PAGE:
Keep an open mind. Always remember that simulations are not the real world and are limited by humans who made them. This can work in both directions, too. A simulation and a matching system built by the same people are likely to have the same assumptions, consciously or not, and can easily perform much better because of this. However, simulations are often oversimplifications of real world data, and they fail to include patterns and structure in the data that a good learning system can take advantage of. These differences can be especially apparent when two matching systems are tested on the same simulation. So, while a simulation can provide clean quantitative measures, it’s not always clear if those measures are better or worse than how the system handles data in the wild.
Perhaps the truest method of testing a matching system is to use a data set with surrogate identifiers to use as a ground truth. A reliable ground truth, such as a Social Security Number (SSN) can be hashed and withheld as a ‘gold standard’ to match against. However, these are very difficult to obtain, especially across multiple data sets. Any data with reliable ground truth will likely be much smaller and much better behaved than the type of data sets you want to test for. Also, many of the surrogate IDs that you may be tempted to use are themselves flawed. Human labelled sets are laborious and deeply biased. Plaintext matching systems are often not much better than anonymized matching and can suffer from many of the same types of weaknesses. Maiden names, twins, nicknames and cross-country moves are just as likely to trip up human or a “gold standard” matching system, and do not give a decent measure of either FPR or FNR. If the surrogate identifier is not as accurate and complete as a Social Security Number, it is best to not use it.
If you are lucky enough to have a large system with a ground truth attached, that is one of the best measures to use. However, here are a few caveats to keep in mind with these tests:
Hash collisions. Hash collisions are a common occurrence where unique identifiers are ‘randomly’ mapped to a new set of values, but bad luck and the birthday problem mean that different starting values can be mapped to the same hashed value. It’s important to quantify the expected frequency of these collision rates for your ground truth identifier and subtract that from your FPR accordingly. The collision rate can be calculated mathematically or through simulation. Each collision will look like a false positive, when in fact it is not, and the expected number of collisions can be subtracted from the observed number of false positives before computing FPR. If the collision rate is high or the original identifier space was not necessarily unique (e.g. using the last four digits of SSN), it may be helpful to quantify how often you are accidentally correct and add that to the FNR. This is because sometimes the matching system can miss a link between two IDs, but coincidentally, those IDs happen to map to the same value in the hash space. In adjusting the FNR, keep in mind:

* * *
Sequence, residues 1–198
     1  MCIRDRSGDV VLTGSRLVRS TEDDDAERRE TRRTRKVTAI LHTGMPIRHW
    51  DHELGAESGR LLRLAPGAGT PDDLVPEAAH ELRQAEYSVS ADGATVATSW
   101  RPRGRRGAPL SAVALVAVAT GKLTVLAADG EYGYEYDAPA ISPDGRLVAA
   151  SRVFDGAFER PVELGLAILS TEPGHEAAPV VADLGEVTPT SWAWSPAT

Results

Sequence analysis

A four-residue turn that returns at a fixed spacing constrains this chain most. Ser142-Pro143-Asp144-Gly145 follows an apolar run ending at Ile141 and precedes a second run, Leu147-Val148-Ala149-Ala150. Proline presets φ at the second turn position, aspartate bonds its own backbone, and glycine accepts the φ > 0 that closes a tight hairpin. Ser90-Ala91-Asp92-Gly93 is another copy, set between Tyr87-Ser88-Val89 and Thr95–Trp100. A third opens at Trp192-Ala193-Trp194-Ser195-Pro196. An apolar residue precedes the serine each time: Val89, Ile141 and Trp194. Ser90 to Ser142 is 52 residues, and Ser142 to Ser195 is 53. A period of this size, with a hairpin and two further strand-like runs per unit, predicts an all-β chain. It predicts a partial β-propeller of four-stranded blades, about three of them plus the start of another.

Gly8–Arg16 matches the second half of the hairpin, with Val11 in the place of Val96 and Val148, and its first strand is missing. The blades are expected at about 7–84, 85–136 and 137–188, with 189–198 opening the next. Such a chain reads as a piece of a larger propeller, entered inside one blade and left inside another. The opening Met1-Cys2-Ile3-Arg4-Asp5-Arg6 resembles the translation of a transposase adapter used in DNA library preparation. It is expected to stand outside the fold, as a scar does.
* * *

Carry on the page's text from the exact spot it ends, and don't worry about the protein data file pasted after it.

(observed false negatives) = (true false negatives) * (1 — collision rate).
Typos in the ground truth identifiers. Matching is difficult because the data is dirty. Typos and transcription errors occur regularly in all fields and the ground truth identifier is not immune. An identifier with some built-in error detection (such as a checksum or parity bit) is always preferred, but rarely used. A best effort should be made by someone with access to the plaintext data to quantify the typo rate. If that is not available, a distance preserving hash of the identifier could be useful for someone with the anonymized data to put upper and lower bounds on the likely typo rate. The typo rate can then be used to adjust the observed number of false negatives.
Sample context. The results of any tests using surrogate identifiers should be taken with a grain of salt. While the metric numbers are likely very accurate, the context of the data is not going to be representative of real-world challenges. Test data with a reliable ground truth is going to be more complete, more homogenous, less noisy, and better behaved than you will see in other situations. In that sense, the results should be treated much like the simulated matching tests — a theoretic estimate of accuracy when everything is generally obeying the expectations and assumptions that are built into the matching system. This is a valuable measurement, but it still needs to be validated by other means to test the robustness in the wild.
Interested in learning more about matching accuracy?